His parents Andy and Georgina have raised over £50,000 in memory of their "loving, happy and caring" son through the Liam Keeling Memorial Fund.
Liam had been off school two days the week before half term with a cold but he shook it off and went back to school on the Thursday. He went on a school trip to the Black Country Museum and three friends stayed for a sleepover after school. He played with them all Friday, then went to a race night with his dad and Wyrley Junior team mates in the evening. Then, at about 4pm on Saturday, he had a headache, temperature and was being sick. He experienced a rigor - an episode of uncontrollable shaking brought on by a high temperature.
Swine flu diagnosed
Georgina phoned the doctors' out-of-hours service who asked them to check for a rash but as Liam didn't have one they diagnosed swine flu. The symptoms persisted and, after a second phone call, the doctors recommended continuing to take paracetamol and nurofen.
By Tuesday morning Liam had stopped being sick, his temperature had lowered and he was being his cheeky self. In return, he was teased about being sick in the school holidays.
He had walked downstairs to lie on the sofa with a blanket and was watching some television when he told Georgina he was going to have a nap.
Georgina, who had been sitting on the floor next to the sofa, discovered that Liam was motionless shortly afterwards and hurriedly called for an ambulance.
Andy added: "I had taken my older daughter Hannah and her boyfriend to WaterWorld in Stoke and got a call from Georgina at about 2pm saying to hurry home. The paramedics resuscitated Liam on the way to hospital but he died later that afternoon with his family round him."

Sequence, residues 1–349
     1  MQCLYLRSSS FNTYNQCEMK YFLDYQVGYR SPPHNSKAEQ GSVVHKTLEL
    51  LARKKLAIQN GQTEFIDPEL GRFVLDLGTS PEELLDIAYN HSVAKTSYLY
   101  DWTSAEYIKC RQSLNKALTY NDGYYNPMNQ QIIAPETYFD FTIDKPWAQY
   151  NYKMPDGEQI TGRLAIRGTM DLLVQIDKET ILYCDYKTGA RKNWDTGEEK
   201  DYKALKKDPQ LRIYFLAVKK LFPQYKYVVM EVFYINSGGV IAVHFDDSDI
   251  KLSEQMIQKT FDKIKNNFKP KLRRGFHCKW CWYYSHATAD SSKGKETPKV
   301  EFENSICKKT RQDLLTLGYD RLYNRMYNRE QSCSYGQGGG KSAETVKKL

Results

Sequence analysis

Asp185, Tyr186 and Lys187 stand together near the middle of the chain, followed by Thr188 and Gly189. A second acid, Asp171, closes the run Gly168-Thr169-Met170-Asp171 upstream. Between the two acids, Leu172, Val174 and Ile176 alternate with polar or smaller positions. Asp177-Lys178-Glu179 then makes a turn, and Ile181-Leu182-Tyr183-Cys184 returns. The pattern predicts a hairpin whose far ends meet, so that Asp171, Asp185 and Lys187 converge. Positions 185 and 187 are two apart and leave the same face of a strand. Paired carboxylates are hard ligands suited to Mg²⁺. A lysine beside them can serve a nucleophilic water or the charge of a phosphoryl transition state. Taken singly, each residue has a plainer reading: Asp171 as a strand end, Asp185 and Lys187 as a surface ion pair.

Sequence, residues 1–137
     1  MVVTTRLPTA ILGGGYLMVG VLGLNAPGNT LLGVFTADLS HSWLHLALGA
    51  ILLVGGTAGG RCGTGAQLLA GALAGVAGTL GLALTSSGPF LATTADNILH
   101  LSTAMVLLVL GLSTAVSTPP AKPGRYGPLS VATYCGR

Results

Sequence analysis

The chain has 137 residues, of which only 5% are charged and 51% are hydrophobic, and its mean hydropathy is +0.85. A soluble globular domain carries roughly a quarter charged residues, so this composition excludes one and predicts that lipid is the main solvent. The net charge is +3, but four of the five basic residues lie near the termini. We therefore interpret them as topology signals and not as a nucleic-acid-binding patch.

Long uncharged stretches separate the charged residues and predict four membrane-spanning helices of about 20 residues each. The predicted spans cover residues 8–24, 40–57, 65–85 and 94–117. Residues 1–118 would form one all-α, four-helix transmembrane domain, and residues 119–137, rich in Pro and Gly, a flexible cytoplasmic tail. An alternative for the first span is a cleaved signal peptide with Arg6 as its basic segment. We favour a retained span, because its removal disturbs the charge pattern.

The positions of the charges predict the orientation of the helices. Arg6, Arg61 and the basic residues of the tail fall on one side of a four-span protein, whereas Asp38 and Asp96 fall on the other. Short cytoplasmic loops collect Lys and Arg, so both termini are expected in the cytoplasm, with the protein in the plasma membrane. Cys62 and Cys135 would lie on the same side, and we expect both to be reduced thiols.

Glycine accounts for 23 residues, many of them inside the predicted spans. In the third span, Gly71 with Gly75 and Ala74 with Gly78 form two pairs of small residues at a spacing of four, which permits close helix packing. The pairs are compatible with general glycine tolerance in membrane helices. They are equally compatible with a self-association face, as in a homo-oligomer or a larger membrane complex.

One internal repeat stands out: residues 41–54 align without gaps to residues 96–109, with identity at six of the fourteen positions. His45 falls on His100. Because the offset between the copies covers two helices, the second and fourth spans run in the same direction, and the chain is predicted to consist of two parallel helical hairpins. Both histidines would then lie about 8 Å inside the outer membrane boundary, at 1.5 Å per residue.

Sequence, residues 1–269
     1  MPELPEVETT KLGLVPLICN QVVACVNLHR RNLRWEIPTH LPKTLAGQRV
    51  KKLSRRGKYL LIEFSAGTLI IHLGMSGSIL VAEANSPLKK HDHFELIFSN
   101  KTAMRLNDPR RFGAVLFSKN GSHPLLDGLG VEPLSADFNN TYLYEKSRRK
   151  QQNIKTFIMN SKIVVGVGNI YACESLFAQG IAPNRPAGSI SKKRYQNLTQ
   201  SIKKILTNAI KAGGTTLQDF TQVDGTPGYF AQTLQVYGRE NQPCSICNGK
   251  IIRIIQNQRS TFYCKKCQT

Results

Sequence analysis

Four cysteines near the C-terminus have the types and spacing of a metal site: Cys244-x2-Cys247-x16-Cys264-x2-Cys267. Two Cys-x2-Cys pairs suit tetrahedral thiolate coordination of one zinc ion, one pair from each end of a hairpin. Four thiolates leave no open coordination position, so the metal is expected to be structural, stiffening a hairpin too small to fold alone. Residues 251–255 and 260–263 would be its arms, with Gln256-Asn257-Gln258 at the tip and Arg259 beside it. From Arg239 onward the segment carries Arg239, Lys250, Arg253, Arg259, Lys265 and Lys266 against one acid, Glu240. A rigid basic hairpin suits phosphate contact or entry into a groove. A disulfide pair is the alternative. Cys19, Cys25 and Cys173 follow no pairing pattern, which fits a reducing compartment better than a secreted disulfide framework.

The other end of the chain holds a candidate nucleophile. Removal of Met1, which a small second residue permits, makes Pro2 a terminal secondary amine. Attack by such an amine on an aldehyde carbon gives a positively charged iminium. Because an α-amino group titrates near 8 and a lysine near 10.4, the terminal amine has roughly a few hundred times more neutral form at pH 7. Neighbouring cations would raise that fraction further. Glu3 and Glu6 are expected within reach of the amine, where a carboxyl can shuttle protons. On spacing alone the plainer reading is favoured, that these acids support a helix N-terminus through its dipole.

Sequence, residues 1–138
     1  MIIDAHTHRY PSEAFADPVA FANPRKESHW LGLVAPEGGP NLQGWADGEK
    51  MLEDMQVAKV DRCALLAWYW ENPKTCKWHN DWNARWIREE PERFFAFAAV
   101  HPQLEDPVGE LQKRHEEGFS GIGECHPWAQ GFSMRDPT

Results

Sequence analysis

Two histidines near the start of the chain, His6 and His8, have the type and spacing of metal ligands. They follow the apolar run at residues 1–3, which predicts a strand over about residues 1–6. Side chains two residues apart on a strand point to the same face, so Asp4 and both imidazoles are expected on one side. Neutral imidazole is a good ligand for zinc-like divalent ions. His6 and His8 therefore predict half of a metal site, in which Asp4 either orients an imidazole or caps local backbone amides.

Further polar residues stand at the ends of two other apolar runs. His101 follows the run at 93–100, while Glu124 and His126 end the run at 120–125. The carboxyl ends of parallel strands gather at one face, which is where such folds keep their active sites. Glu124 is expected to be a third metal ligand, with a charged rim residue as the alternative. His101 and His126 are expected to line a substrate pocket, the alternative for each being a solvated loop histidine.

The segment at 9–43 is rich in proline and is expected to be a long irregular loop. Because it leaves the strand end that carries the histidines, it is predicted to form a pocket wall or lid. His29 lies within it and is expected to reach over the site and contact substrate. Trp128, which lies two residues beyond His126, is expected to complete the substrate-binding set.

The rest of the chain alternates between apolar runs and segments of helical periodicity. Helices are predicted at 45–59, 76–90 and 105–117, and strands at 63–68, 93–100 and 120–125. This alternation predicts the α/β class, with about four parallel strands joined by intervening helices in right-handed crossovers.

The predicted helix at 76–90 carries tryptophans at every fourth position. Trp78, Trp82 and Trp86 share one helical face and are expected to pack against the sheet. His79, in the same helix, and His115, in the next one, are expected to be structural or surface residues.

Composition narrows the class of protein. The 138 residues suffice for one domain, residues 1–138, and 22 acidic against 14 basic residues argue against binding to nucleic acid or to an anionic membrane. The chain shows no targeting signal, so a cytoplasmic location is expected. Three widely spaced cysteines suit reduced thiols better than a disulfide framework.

It is thought Liam initially had swine flu, which weakened his immune system and meant he was unable to fight the meningitis-causing bacteria. Tests revealed that he died of meningitis and septic shock.
Andy says the family feels a sense of disbelief that a fit and healthy teenager could die so suddenly after displaying only flu-like symptoms. Friends have rallied round to raise money since his death, with Andy and Georgina's colleagues at the Royal Mail and Barclays Bank respectively organising several fundraisers before Christmas. They hope their efforts in his memory will help prevent hundreds of lives being lost to the devastating disease in the future.
Andy added: "Over 600 people turned up for his funeral and they couldn't all fit into the church. We've been really comforted by everyone's support and enthusiasm for fundraising.
"Liam was a loving, happy, caring, contented young man, who would chat away in his friendly manner with young or old alike. He would have people laughing with just an odd word or two, together with the mischievous twinkle in his eye! Whoever he came into contact with, Liam would add an extra sparkle to their lives.
He loved life and everyone who came into contact with him felt his love and enthusiasm for everything."
Liam's football manager Shaun Flaherty described him as a very polite, well-mannered young man, who never had a bad word to say about anyone and a credit to his parents.
His headmaster Mr Burrowes added: "I knew Liam very well. He was a talented footballer and charming young man. His decency and humanity made him stand out and he went out of his way to make everyone feel welcome. He had an easy presence with the staff and children and was relaxed and thoughtful, a natural leader."
Liam was passionate about all sports, especially football and was a season ticket holder for Walsall FC.
A host of former Walsall footballers signed up for a charity match against Wyrley Juniors FC, and a charity evening at Walsall FC sold out in record time.
All the money raised will go towards Meningitis Now’s vaccine campaign. A Forever Fund has been set up in memory of Liam with all money raised through his memorial fund being added to the total.